Police re-arrest Internet writer who was on probation

New York, July 22, 2008–Chinese police arrested prominent dissident and Internet writer Du Daobin on Monday, according to his defense lawyer, Mo Shaoping. CPJ is concerned that the arrest is part of the government’s ongoing campaign to suppress criticism prior to the Olympic Games. Du had been sentenced to a three-year suspended prison sentence in 2004 on subversion charges, and his arrest comes just 12 days before his probationary period was set to expire.

Mo said public security officials arrested Du at his workplace in the city of Yingcheng, Hubei province, on Monday. He was not aware of the existence of supporting documents from the court, which are necessary to authorize the public security bureau to re-arrest someone serving a suspended sentence. 

“IndependSent voices in China are being stifled even with the Olympic Games only weeks away,” said Bob Dietz, CPJ’s Asia Program Coordinator. “This is not the press freedom China promised the world when the Games were awarded to Beijing in 2001. We call on the authorities to release Du Daobin immediately.”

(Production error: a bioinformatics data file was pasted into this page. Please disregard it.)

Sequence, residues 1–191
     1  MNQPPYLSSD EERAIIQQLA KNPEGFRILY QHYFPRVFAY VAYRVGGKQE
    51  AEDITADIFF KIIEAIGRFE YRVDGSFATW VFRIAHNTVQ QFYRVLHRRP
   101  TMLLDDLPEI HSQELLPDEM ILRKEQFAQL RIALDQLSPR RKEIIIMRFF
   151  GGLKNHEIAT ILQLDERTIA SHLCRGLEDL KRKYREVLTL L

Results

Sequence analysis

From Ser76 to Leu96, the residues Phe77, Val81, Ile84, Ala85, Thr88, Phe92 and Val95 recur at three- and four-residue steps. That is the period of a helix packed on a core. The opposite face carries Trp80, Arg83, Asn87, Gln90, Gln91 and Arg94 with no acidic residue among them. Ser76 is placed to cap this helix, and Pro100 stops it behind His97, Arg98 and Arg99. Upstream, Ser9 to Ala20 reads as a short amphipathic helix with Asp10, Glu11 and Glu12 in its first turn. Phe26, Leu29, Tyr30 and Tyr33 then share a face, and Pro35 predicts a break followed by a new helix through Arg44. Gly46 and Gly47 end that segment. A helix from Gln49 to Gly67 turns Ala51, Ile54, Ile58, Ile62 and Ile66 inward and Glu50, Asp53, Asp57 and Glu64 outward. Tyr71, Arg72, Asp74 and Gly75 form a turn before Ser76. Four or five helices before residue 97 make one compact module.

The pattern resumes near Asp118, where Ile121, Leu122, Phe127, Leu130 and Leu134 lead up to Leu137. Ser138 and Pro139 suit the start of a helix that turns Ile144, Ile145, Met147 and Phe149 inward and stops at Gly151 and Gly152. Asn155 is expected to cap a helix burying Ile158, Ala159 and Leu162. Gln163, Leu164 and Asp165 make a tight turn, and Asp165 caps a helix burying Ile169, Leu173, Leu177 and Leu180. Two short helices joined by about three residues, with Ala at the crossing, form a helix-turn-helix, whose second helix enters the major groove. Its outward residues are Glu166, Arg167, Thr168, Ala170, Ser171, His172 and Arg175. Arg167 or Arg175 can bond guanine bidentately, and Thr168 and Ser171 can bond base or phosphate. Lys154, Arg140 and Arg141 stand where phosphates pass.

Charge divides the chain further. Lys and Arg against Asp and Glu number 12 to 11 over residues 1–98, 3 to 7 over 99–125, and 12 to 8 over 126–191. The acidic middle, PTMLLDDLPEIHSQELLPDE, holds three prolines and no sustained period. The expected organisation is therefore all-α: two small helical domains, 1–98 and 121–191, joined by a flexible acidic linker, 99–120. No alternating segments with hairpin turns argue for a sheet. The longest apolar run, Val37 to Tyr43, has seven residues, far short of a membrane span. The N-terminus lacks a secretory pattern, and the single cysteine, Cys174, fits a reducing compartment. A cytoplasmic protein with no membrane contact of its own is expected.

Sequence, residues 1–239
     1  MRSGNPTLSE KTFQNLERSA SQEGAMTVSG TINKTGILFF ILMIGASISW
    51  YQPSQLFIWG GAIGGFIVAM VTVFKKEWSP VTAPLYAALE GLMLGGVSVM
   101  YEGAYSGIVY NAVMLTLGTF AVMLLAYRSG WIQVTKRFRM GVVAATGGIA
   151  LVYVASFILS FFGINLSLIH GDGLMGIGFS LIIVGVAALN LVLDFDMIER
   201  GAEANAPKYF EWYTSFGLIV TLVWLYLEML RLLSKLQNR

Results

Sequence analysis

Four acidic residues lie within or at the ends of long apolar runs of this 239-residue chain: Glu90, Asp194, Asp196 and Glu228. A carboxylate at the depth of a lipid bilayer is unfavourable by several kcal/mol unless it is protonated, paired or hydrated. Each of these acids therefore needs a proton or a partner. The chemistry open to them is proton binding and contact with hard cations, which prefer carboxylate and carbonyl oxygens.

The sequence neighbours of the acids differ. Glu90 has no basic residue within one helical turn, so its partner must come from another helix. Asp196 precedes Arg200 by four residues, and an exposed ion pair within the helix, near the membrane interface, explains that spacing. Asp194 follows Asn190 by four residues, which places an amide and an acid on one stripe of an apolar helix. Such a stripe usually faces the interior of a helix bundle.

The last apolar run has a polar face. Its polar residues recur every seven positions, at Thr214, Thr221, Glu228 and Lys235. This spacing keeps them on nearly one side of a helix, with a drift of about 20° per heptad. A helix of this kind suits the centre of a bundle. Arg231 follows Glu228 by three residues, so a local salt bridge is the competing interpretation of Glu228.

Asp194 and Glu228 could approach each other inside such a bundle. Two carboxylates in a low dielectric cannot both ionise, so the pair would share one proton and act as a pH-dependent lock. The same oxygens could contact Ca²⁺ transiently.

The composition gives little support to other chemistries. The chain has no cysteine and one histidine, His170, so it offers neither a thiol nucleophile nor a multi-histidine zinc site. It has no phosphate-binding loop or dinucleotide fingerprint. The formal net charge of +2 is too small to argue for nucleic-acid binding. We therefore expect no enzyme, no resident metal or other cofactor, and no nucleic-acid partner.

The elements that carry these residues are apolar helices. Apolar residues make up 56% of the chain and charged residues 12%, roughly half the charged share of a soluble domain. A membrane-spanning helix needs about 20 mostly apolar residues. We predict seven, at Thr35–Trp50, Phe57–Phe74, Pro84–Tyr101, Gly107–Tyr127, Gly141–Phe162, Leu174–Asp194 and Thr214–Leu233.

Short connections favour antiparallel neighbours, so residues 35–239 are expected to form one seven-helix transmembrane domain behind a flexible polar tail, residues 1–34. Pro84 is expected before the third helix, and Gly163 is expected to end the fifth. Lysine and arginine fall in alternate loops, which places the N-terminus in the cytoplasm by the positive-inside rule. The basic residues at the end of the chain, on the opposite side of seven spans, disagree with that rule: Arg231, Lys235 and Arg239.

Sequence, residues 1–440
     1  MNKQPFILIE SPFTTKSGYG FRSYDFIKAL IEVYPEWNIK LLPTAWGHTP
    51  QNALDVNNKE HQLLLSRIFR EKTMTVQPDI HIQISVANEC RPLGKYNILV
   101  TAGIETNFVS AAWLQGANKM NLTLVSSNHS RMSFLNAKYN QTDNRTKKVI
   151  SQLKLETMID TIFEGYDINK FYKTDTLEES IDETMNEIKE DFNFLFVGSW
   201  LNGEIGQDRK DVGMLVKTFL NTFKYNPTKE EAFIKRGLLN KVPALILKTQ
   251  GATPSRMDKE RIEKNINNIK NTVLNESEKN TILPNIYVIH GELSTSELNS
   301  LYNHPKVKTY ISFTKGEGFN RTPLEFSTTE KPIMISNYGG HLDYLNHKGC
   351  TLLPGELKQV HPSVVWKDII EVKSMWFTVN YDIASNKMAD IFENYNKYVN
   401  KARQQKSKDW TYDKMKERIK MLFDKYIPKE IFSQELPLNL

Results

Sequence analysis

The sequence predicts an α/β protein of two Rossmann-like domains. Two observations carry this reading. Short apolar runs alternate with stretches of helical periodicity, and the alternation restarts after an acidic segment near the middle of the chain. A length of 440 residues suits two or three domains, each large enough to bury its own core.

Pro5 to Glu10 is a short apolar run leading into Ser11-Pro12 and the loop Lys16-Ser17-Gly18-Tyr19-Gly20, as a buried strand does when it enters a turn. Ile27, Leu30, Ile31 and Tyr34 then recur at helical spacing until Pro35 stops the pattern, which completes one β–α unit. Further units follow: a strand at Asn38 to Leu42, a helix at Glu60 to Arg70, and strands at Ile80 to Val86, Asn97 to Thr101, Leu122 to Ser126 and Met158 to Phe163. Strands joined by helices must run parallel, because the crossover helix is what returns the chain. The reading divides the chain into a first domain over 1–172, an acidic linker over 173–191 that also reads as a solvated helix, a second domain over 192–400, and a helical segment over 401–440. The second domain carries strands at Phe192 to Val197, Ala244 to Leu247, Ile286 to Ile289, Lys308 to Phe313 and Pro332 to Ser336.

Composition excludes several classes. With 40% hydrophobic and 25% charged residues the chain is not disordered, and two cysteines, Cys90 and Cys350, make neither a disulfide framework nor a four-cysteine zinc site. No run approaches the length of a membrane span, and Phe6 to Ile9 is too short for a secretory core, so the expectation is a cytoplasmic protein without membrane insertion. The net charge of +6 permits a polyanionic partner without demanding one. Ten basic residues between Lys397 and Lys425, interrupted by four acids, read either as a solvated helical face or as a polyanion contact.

On June 11, 2004, a court sentenced Du to a suspended prison sentence for inciting subversion of state power based on commentaries about official policies published on Chinese and overseas Web sites. One article argued that government control of the media is unconstitutional. When he was sentenced, his remaining prison time was suspended in exchange for a four-year probationary period with conditions restricting his movements, followed by a two-year suspension of his political rights.   

In Monday’s arrest, police accused Du of violating conditions of his release and continuing to write online articles, according to news reports. The probationary conditions included reporting monthly to authorities and seeking permission to travel. Police also confiscated two computers and documents from his home, the reports say. CPJ spoke briefly with a member of Du’s family who declined to be identified because the person said they had been warned not to answer the phone.

Du’s probationary period should have expired in June this year. But after a second court upheld the verdict on appeal on August 4, 2004, authorities revised the start date of the four-year probationary period to begin that day, effectively extending his probation by two months, according to Zhang Yu at the International Chinese PEN Center. The reason for this revision was not clear, Zhang said. By this count, Du would have reached the four-year mark on August 3.

Although Du kept a low profile, he continued to profess his innocence and petition local and national authorities to overturn the verdict, Zhang told CPJ by telephone today. Police questioned Du several times after his appeal, even though Du had considerably toned down anti-government sentiment for fear of re-arrest, Zhang said.